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Practice! Practice! Practice!


One of the things most of my kids did while home schooling was to take violin lessons at the public school. I had played for four years when I attended school, so I had a decent understanding of the ins and outs. It started with my girls Annie and Tina in an early morning group session.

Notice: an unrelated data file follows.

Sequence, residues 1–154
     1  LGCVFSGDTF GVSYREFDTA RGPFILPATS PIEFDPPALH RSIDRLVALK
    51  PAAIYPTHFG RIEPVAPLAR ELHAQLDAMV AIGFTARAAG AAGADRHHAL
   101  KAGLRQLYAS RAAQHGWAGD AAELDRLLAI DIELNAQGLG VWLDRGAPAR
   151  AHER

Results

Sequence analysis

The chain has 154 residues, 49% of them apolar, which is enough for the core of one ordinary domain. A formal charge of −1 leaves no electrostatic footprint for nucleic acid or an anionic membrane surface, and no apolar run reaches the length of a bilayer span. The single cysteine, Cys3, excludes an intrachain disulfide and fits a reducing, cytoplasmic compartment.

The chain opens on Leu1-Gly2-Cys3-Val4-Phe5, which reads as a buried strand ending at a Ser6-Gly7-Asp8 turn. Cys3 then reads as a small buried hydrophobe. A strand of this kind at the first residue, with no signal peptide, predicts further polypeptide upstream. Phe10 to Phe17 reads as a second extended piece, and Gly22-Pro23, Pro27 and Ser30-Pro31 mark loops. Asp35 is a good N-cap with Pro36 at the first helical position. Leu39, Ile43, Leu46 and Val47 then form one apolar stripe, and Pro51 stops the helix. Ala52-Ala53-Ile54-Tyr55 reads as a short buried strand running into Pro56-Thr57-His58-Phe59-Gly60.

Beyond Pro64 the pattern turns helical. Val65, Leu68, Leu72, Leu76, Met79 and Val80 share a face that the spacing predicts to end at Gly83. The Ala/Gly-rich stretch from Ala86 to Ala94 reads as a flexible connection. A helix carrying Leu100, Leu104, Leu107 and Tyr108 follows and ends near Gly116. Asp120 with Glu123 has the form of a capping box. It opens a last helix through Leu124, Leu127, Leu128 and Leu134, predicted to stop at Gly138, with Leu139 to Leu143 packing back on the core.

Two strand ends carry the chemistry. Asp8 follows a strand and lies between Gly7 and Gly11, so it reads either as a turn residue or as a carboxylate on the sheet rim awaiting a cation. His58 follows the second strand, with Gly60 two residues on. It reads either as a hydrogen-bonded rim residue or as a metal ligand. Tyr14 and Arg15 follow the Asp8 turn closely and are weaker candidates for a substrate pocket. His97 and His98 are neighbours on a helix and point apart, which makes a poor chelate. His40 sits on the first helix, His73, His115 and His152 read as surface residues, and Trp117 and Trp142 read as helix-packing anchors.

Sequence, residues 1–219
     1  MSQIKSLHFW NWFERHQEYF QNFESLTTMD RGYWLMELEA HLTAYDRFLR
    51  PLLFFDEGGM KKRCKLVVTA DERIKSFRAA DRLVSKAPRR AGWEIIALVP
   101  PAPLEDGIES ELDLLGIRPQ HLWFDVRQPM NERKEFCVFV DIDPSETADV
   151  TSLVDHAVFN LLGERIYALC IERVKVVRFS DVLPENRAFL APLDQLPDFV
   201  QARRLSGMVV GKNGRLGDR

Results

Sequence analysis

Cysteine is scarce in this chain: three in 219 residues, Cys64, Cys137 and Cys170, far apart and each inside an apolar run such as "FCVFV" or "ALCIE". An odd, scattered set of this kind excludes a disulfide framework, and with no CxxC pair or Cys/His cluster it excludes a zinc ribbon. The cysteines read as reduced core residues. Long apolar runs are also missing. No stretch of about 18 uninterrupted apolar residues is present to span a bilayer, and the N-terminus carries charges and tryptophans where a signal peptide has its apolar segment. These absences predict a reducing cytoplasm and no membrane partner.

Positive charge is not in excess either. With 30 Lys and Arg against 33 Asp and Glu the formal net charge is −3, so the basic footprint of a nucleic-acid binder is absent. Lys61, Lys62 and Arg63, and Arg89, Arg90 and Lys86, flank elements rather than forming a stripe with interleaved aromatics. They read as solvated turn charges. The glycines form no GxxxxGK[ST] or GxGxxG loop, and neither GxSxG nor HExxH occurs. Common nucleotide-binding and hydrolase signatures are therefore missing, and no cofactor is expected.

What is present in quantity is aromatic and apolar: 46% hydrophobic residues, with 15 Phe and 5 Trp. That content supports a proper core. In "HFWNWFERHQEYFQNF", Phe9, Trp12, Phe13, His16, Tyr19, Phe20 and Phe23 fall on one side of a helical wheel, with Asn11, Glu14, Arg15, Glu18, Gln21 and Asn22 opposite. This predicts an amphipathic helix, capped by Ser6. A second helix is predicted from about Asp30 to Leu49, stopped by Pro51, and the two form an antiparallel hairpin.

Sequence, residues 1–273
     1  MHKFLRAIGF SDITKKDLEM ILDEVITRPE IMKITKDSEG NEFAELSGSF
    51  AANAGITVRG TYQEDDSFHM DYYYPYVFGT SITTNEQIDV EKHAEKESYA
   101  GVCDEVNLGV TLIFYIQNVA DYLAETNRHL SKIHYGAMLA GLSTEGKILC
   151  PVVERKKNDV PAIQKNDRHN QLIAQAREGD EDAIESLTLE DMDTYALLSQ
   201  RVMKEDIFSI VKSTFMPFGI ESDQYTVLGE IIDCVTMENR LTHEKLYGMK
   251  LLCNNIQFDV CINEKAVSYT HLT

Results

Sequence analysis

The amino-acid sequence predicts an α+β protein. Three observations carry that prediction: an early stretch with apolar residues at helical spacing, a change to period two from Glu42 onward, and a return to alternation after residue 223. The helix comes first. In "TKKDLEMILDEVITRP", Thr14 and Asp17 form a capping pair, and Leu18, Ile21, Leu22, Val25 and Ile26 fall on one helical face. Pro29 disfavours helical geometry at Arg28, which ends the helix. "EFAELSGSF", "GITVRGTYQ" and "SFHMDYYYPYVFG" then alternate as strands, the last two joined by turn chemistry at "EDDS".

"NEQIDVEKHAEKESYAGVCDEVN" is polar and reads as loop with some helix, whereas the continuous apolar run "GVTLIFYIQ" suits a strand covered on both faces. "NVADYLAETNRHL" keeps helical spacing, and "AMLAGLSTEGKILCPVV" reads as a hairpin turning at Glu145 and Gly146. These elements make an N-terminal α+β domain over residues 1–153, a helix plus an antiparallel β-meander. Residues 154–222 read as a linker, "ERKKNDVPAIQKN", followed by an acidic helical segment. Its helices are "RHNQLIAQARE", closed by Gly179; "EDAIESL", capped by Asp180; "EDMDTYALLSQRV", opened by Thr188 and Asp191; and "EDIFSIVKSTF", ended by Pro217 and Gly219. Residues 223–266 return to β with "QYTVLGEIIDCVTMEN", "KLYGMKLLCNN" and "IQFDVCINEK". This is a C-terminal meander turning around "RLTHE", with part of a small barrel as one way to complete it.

My father would drive to our home to watch the boys while I took his car with the girls to the school. I love the sacrifices he made for us. We only had one car at that time. We could never have done this without his help. Being the disciplined mother that I am, I made sure they practiced Monday through Friday for a half hour every day. They sometimes dreaded it. Sometimes I did too because I sat rocking the baby telling them to do it again and again and again. The quick progression on to the next song, then the next book made the hard work worth it. As Hue became old enough, he joined in. Eventually, Abe joined in too. We borrowed all different sizes of violins. The school stop supporting the program but their teacher really enjoyed leading them. She opened an afternoon session at a different school for us and a few others committed to playing. I proudly showed my children's talents off at home school functions. One evening after Ike had just begun playing at five, they played Twinkle, Twinkle Little Star but the older children added in all kinds of fun background and the older boys added percussion using their violins as drums. Our neighbor, a police officer, dropped his son off for me to babysit one day. Earlier he heard all five children practicing different songs at different levels, since our windows were open. When I opened the door, he looked at me and stated, “I heard your kids playing their violins. It sounded pretty bad.” I just laughed. He so pragmatic, I knew he didn’t mean it as an insult. He was stating a fact. I’m sure all those sounds combined didn’t sound the best. The last year they all played, their teacher could no longer lead them. I was forced to hire a violin teacher, who had never worked with a group. I couldn’t afford it any other way. I began to wonder if she even liked kids. We suffered through that year because we always finish what we start, I told the kids and myself. The girls played a beautiful two-part concerto. It was amazing, pride busting my buttons but that was the end. My kids are still very musical and some have picked up other instruments. I’m really glad we all had that experience together and learned to be diligent. It has served them well in life.

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